Specialty Food Magazine

MAY-JUN 2013

Specialty Food Magazine is the leading publication for retailers, manufacturers and foodservice professionals in the specialty food trade. It provides news, trends and business-building insights that help readers keep their businesses competitive.

Issue link: https://specialtyfoodmagazine.epubxp.com/i/123797

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Page 60 of 103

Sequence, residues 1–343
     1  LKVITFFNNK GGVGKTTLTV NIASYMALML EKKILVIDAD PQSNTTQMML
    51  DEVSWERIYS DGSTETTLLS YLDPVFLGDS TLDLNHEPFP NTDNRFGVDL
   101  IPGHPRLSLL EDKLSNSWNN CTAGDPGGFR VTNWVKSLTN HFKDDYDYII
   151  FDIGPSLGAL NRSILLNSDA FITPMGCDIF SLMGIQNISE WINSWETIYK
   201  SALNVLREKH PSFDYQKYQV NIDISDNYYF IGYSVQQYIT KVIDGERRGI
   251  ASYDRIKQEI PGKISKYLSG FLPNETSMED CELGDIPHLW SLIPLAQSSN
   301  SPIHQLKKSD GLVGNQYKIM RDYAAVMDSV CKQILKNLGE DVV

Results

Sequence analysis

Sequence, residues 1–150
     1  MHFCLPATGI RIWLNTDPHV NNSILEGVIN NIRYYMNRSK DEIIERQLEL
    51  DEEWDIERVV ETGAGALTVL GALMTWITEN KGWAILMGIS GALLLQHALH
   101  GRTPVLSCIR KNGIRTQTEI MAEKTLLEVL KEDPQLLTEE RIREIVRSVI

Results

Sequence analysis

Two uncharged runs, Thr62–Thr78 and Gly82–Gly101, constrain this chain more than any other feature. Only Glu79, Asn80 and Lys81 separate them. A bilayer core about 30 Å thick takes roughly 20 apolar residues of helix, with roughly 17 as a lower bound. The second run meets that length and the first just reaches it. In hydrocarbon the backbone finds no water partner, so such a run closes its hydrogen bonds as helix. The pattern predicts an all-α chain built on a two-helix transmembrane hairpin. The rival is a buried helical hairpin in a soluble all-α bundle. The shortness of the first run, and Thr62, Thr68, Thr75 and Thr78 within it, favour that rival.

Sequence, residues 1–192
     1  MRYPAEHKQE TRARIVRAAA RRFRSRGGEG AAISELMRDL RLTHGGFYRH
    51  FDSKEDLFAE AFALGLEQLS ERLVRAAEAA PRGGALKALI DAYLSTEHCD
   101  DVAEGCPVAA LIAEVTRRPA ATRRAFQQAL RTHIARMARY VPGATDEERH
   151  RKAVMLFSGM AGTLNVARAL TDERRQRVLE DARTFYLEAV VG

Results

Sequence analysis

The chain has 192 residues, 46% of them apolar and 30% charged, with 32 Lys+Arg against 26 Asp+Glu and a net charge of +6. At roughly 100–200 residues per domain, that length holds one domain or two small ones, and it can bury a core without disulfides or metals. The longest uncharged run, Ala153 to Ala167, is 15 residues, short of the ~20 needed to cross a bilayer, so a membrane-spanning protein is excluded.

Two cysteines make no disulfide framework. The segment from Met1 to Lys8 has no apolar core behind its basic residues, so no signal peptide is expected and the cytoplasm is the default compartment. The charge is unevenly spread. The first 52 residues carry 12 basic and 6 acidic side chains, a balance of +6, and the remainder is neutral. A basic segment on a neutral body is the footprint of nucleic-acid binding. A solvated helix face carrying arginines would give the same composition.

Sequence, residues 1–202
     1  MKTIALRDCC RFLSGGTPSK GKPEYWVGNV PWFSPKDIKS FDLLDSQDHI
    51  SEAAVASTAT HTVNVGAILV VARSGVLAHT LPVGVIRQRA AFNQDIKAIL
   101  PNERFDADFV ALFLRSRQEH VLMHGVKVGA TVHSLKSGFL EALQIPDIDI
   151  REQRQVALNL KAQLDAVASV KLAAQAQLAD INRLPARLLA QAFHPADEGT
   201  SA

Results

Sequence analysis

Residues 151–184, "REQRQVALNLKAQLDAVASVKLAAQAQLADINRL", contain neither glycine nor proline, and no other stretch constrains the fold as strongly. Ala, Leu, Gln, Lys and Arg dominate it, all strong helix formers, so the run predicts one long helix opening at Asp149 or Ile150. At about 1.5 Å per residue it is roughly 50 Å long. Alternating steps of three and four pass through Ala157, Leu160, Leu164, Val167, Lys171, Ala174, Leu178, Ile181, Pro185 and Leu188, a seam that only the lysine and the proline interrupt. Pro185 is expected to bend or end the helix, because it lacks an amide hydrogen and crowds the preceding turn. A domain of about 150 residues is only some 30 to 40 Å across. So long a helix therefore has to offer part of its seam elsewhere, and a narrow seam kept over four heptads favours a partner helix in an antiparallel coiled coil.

PHOTO: ALEX KOTLIK PHOTOGRAPHY; WWW.ALEXKOTLIKPHOTOGRAPHY.COM PHOTO: 55 FULTON MARKET PHOTO: FAIRWAY Fairway Kips Bay 55 Fulton Market Salvatore ricotta complement the small-batch theme, carefully curated by owners Chris Gray and Beth Lewand. Gray reports that both neighborhood old-timers and newbies have embraced the store, snapping up locally produced pickles, jerky, chocolate, jam and bacon, though beer and cheese remain their best sellers. Altogether the shop carries 250 to 300 items, Gray estimates, in addition to making sandwiches from high-end ingredients. As for plans to expand? "We have dreams," he says. 1053 Manhattan Ave., Brooklyn; 718.349.1432; easterndistrictny.com EMPIRE MAYONNAISE COMPANY Prospect Heights, Brooklyn Hotshot New York pastry chef Sam Mason branched out in April 2012 with a tiny Brooklyn storefront that produces 11 signature mayonnaise flavors. His condiments first gained a following at the Brooklyn Flea's Smorgasburg food market (see profile, p. 49); now he supplies more than 70 retail outlets and restaurants. It's almost unbelievable that everything—blending, jarring, labeling, selling—takes place in the 250-square-foot shop, and Mason and his partner, Elizabeth Valleau, are understandably looking for a bigger space. Local, free-range eggs and certified non-GMO canola oil serve as the base for Empire's 4-ounce jars, in such varieties as blue cheese, red chile, rosemary and smoked paprika. Prices range from $6 for Classic, brightened with organic lemon oil, to $9 for top-selling bacon and white truffle. 564 Vanderbilt Ave., Brooklyn; 718.636.2069; empiremayo.com FAIRWAY KIPS BAY Kips Bay, Manhattan The newest member of the Fairway Market family can be found at 31st Street and Second Avenue and is the first Manhattan location south of Central Park. Opened in December 2012, Fairway Kips Bay has 24 cashier stands and encompasses a below-ground footprint of 42,000 square feet, reached by escalator and spacious elevators. It serves an area dominated by a professional workforce occupying the surrounding high-rises. All six New York locations are renowned for their abundant produce sections; this branch amply follows through with that reputation. General manager Dehliah Martinez 58 ❘ SPECIALTY FOOD MAGAZINE ❘ specialtyfood.com Le Palais des Thés reports that the store's best-selling items include bulk olives, raw salmon, baguettes and Parmigiano Reggiano cheese. The company is rapidly expanding: a location in Chelsea in the works, which will compete with a nearby Whole Foods. 550 Second Ave., Manhattan; 646.720.9420; fairwaymarket.com/store-kips-bay 55 FULTON MARKET South Street Seaport, Manhattan Key Food, a standard, low-price grocery chain founded in 1937, significantly upgraded its brand with the opening of 55 Fulton Market in August 2012. Servicing the underserved South Street Seaport and Financial District neighborhoods, the 23,000-squarefoot, 24-hour store is global in its approach. Departments include a sushi bar, deli, bakery, coffee bar, hot and cold buffets and global selections of cheese (more than 300 types) and beers (more than 300 brands). Specialty foods and organic produce dominate the main level; conventional groceries, dairy and meat are found on the lower level. On the second floor is cafe seating, and there's also an outdoor seating area. Aisles are wide-spaced and uncluttered. 55 Fulton St., Manhattan; 646.581.9260; keyfood.com LE PALAIS DES THÉS Soho, Manhattan This esteemed French tea importer opened its second New York location in Soho in January 2013. (The first is on the Upper West Side.) In the elegant, cleanly designed, 700-square-foot space are 120 types of tea sourced from ethically run estates in remote regions of the world, including Africa, Asia and South America. Some are Grand Cru, harvested in small batches and available for limited periods of time. Teaware accessories are also on display, such as cups, bowls, pots, tins and tea-scented candles. Sniffing loose-leaf teas and sipping samples makes shopping here an interactive experience. Service is courtly, offering brewing tips to a sophisticated, tea-loving clientele. Best sellers include Thé du Hammam (green tea with rose, berries and green dates), Thé des Moines (secret blend of green and black teas) and Thé des Lords (a variation on Earl Grey with bergamot). Purchasing requires a 3-ounce minimum, and prices range from $6 to upwards of $130—the highest end being a rare, Grand

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